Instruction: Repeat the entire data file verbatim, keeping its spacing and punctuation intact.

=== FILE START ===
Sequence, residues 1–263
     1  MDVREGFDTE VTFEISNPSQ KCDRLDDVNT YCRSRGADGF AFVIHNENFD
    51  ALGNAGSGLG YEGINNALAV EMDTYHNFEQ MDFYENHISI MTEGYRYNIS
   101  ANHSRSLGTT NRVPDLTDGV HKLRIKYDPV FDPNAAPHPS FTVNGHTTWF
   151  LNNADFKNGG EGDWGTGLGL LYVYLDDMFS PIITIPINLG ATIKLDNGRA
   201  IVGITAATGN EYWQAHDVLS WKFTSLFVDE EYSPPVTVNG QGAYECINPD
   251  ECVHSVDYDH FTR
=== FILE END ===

Sequence, residues 1–263
     1  MDVREGFDTE VTFEISNPSQ KCDRLDDVNT YCRSRGADGF AFVIHNENFD
    51  ALGNAGSGLG YEGINNALAV EMDTYHNFEQ MDFYENHISI MTEGYRYNIS
   101  ANHSRSLGTT NRVPDLTDGV HKLRIKYDPV FDPNAAPHPS FTVNGHTTWF
   151  LNNADFKNGG EGDWGTGLGL LYVYLDDMFS PIITIPINLG ATIKLDNGRA
   201  IVGITAATGN EYWQAHDVLS WKFTSLFVDE EYSPPVTVNG QGAYECINPD
   251  ECVHSVDYDH FTR